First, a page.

Susan Becher, the renowned design industry publicist who passed away on June 3, was celebrated by scores of friends and family at a memorial service on June 12 at the New York Society for Ethical Culture, where loved ones paid tribute to Becher’s incredible life, career and legacy. “Someone once told my mom she could give PR a good name,” her son David Gilbert joked at the service. And that she did.
Becher was known for her forthrightness and wicked sense of humor, traits clearly inherited by her children and appreciated within the industry. “Early in my career, an august editor at Town & Country told me Susan was the only PR person she listened to because she only pitched what she believed in,” says interior designer Thomas Jayne, an early client, who continues to work with Becher’s successors, Molly Bates and Julia Duke, principals at Susan Becher & Associates. At the memorial service, Duke summed her up perfectly: “She was genuine, exactly herself—and comfortably so. So many businesses, brands and people are what they are because of her—including us.”
One of my own early memories of Susan was when she ran out of a showroom in SoHo during ICFF in the early 2000s and chased me down the street. “Come with me,” she said, grabbing my hand and dragging me (she had quite a grip) to meet one of her clients, laughing the whole time. In business and in life, she was fierce—and fiercely loyal. Many of the people she worked with became lifelong friends.
After earning a bachelor’s in anthropology from California State University Long Beach, Becher stumbled upon an opportunity to work at the Beverly Hills location of pioneering modernist boutique Design Research. One of her first projects was the U.S. launch of Frank Gehry’s original cardboard chair. She later opened new stores for the company in Philadelphia and Boston, landing in New York in 1976. She lived on the Upper West Side for most of her life and founded her eponymous firm in 1982 with art supply retailer Sam Flax as her first client.
Becher had a particular passion for Italian design, and her trailblazing career included introducing European design firms to the U.S. market, among them Marimekko, Flos, Cassina and Boffi. She also helped launch Pottery Barn and Waterworks, and it was at the latter that she met the company’s CEO Peter Sallick. “We were literally inventing the company, with Susan opening doors that we did not know even existed,” he recalls. “She helped us to tell our story, and—so importantly—helped us to understand the people of the design market.”
Becher was also publicist for MoMA Design Stores, where she worked with Bonnie Mackay, former director of creative, marketing and merchandising. “She celebrated us to the press—‘celebrated’ is the word,” says Mackay. “Her clients represented her design sensibility and their business integrity. Susan was truly a treasure.”
Starting in 2001, Susan offered her services pro bono to The Alpha Workshops, the first U.S. nonprofit to provide decorative arts education and jobs for people with disabilities. “Susan treated Alpha as a fully paying client—nothing less would do,” says Ken Wampler, the organization’s founder and former executive director. “Along the way, she joined the board of directors. … and helped to grow Alpha’s recognition among industry professionals and the magazine world.” Her Alpha Workshops after-parties were the stuff of legend for the engaging company, her delicious meatloaf and her family’s retiring dog, who attracted a devoted audience eager to earn his affections.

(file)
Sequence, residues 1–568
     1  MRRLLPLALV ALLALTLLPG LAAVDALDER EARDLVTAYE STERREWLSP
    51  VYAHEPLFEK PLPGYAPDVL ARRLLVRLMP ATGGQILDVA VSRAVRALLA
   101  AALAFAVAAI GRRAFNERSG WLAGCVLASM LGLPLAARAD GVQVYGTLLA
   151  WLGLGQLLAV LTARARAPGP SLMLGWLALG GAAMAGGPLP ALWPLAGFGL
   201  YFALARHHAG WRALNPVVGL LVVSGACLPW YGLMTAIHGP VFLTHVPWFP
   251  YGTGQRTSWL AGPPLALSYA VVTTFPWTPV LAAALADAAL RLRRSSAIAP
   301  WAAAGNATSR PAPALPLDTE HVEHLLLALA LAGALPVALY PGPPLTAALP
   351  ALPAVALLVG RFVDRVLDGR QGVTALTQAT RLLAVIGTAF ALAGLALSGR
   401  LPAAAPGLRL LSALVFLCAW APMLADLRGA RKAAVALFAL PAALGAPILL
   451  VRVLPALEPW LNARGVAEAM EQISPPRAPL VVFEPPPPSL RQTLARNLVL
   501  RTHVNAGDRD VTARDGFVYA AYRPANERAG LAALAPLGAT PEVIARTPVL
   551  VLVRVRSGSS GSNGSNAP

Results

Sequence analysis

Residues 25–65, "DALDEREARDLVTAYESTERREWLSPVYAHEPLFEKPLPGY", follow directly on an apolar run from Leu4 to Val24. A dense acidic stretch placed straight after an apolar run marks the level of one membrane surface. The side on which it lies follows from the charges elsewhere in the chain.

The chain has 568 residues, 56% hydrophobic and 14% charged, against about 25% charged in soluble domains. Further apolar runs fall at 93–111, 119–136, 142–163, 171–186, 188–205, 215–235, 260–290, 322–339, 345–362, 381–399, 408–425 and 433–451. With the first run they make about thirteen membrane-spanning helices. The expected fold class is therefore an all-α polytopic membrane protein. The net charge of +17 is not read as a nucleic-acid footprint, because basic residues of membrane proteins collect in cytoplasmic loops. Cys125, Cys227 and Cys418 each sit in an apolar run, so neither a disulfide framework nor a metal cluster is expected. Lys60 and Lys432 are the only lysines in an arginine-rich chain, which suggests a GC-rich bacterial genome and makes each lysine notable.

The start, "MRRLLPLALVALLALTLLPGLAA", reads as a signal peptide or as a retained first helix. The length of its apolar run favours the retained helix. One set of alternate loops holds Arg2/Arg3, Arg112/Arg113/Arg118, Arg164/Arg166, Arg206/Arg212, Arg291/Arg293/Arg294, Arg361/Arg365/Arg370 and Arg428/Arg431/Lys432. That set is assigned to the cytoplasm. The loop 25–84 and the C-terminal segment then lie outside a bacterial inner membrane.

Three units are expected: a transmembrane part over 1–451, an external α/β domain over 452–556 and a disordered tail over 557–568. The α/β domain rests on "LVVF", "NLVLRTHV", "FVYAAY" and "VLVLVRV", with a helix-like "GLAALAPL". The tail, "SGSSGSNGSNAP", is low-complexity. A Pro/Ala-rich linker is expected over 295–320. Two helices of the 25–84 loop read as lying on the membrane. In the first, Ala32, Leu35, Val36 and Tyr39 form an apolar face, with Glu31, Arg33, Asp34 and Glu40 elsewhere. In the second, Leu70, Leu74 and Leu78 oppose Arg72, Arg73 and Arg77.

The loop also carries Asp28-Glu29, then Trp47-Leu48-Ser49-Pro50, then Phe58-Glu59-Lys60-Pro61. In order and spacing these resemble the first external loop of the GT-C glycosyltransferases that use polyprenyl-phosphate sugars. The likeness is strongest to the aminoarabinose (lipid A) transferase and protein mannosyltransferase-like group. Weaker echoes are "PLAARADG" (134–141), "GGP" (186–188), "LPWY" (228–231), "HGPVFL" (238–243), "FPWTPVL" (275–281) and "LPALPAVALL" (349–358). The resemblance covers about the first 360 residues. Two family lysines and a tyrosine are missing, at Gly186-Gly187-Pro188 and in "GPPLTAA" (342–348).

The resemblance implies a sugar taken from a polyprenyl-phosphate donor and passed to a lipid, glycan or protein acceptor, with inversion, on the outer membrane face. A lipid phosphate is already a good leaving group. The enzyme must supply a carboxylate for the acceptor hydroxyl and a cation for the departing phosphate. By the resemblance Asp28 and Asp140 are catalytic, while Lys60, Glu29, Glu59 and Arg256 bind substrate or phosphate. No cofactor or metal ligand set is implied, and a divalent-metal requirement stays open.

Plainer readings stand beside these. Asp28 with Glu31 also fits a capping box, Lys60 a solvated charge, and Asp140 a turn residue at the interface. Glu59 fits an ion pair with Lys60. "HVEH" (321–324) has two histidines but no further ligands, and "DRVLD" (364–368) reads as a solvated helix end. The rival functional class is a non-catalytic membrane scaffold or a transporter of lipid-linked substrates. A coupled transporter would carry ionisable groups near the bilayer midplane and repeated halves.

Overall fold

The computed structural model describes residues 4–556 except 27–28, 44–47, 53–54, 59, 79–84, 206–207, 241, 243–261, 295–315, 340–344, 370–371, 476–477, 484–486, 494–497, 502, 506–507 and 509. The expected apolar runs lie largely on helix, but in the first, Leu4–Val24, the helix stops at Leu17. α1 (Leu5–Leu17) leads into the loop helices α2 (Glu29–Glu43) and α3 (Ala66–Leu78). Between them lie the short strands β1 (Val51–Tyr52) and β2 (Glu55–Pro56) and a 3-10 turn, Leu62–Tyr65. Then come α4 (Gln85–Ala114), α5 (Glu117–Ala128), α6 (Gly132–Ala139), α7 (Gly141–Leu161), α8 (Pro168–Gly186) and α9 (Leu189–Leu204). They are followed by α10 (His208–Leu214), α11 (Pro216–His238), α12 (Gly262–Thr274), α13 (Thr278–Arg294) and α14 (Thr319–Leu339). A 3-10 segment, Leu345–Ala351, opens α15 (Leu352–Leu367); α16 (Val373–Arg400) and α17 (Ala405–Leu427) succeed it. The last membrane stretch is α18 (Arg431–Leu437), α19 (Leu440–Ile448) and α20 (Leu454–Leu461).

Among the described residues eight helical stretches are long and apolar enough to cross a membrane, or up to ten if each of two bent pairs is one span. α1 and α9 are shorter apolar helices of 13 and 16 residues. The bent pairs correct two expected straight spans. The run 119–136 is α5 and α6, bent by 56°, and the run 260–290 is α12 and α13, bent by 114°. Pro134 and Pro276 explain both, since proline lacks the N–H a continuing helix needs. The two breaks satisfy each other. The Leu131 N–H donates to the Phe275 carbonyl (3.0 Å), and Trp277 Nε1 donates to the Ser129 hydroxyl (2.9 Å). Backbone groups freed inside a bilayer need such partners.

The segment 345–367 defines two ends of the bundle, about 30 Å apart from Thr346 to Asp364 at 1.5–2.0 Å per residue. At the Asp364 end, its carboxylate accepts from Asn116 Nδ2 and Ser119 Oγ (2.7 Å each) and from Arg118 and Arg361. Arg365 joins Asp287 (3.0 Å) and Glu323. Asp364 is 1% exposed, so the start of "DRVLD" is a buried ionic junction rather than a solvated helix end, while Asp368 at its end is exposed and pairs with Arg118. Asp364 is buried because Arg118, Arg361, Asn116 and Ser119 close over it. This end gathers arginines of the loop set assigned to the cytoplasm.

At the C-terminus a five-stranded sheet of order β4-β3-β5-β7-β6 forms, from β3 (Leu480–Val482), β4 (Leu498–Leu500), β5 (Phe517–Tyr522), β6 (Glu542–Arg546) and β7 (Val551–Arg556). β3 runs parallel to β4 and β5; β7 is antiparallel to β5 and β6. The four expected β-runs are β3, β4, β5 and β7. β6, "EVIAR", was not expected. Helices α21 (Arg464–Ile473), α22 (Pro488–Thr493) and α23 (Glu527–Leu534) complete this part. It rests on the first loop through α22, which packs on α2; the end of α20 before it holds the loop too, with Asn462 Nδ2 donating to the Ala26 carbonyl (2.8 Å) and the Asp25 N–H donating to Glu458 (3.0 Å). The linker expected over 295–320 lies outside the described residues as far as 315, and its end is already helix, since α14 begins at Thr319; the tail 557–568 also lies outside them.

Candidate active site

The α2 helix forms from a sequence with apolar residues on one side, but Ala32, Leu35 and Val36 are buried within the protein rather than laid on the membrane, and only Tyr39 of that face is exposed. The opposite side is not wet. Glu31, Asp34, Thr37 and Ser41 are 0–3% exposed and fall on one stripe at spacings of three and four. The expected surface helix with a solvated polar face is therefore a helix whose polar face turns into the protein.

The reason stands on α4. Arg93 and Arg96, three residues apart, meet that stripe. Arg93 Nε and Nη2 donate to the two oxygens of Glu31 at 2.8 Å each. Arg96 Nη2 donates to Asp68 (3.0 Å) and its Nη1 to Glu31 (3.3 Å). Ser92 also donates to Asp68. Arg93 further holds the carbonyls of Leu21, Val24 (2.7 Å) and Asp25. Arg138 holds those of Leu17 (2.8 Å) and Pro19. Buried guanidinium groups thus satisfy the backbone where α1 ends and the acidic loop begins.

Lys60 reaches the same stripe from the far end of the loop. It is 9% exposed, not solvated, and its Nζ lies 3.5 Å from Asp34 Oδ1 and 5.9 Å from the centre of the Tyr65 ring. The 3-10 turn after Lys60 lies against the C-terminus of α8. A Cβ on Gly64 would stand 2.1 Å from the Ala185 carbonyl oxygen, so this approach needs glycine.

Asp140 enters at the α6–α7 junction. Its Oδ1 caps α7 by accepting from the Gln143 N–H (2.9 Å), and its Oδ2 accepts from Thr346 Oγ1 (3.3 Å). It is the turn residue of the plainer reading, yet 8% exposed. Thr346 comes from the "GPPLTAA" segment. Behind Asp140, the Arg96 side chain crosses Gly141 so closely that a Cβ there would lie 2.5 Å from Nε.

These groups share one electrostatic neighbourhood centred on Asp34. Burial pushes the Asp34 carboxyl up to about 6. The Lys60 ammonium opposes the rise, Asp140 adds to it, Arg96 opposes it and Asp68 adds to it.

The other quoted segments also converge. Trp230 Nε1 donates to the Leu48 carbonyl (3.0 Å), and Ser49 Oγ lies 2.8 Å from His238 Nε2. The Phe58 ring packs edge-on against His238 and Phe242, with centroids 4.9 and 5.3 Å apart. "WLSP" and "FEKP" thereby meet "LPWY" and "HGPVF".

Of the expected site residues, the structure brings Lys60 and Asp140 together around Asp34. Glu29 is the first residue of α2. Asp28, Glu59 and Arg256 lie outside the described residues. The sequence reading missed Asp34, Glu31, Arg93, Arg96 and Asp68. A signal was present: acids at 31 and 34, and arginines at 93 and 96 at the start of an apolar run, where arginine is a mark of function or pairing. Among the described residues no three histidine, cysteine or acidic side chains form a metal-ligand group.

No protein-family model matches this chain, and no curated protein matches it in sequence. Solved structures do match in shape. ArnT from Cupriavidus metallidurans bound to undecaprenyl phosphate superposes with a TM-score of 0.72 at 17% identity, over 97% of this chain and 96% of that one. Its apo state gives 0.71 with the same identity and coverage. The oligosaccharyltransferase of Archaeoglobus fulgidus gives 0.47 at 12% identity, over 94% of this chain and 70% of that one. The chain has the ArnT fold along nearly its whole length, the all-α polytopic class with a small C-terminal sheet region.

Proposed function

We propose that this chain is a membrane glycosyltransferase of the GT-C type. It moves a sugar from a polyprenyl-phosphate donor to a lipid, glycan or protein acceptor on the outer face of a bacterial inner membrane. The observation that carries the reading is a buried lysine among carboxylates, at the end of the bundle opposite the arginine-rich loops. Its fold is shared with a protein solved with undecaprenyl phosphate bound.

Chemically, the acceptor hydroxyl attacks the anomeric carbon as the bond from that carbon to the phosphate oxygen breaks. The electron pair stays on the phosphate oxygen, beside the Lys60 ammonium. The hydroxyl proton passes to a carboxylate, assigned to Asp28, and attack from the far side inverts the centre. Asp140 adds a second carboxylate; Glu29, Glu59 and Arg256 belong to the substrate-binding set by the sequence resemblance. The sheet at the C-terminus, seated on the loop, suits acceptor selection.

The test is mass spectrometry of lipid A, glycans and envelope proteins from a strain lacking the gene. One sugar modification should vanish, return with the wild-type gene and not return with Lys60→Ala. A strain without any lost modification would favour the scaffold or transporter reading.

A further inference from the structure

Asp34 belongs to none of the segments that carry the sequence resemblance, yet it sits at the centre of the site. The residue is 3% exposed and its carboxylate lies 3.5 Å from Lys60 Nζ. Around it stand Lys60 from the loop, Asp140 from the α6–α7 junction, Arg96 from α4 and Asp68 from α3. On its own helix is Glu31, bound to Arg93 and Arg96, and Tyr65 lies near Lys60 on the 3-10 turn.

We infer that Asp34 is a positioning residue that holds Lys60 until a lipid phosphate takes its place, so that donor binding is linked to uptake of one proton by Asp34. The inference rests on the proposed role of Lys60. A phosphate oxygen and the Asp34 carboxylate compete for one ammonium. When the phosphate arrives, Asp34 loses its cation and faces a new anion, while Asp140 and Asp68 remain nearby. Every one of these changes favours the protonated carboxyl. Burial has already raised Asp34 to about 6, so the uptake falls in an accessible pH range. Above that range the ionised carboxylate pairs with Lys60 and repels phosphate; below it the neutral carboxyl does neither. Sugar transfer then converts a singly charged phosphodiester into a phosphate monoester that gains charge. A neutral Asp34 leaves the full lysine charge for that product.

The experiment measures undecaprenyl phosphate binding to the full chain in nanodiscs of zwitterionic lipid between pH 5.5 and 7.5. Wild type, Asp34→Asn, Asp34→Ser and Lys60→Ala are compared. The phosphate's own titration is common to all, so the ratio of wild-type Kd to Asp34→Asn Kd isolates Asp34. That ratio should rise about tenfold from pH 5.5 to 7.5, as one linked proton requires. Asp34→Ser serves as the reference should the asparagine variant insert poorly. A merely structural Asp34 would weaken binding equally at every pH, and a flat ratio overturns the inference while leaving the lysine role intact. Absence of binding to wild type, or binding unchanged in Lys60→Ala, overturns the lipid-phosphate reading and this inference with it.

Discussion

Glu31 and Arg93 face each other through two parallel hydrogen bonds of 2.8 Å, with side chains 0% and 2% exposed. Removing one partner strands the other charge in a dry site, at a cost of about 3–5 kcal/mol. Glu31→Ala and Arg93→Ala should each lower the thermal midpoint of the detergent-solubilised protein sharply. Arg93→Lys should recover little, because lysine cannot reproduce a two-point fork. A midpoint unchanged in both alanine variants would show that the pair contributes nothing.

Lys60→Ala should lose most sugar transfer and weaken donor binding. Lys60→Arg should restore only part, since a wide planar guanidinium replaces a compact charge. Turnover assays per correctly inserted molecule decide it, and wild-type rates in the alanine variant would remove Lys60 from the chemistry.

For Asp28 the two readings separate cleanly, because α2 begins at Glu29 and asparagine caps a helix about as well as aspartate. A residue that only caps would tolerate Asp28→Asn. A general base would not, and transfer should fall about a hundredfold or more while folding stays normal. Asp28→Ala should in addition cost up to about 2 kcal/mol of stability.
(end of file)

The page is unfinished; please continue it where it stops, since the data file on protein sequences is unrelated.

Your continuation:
She was also a mentor to a great number of people early in their careers. “She taught me everything—I owe her everything,” says Elizabeth Blitzer, who worked for Becher for 10 years before striking out on her own. “She was brave, smart, adventurous and didn’t suffer fools.” When book designer and former magazine editor Doug Turshen became the editor in chief of American HomeStyle and Gardening, he recalls, “Susan took me out to lunch to explain to me how the world works.” That inclusive treatment was no exception and ranged from the highest to the lowest ranks of the industry. “She was kind and always supportive, and she always made me feel special and seen, from my wee days as an associate editor to the ones as editor in chief,” says Jill Waage, editor in chief of Traditional Home. “Susan changed so many of our lives,” agrees Sophie Donelson, author and former editor in chief of House Beautiful. “I cannot even imagine my early New York days without her.”
In the last few years of her life, Susan battled serious health issues, the most devastating of which was Lewy Body Dementia. Becher is survived by her husband, Bruce, and sons David and Marc. “As she lost control of her body, mind and independence, she made a decision to carry out voluntary assisted dying,” her family wrote in a statement. “She was always brave and sure of herself, unafraid to do things her own way.” In true Becher fashion, when asked what she wanted for her memorial, her response was, “A stand-up comedian.” Her sons filled the role, with Marc offering a particularly bittersweet bon mot: “My mother liked to have a cappuccino before taking a nap. I think she liked the challenge.”
Homepage image: Courtesy of the Becher family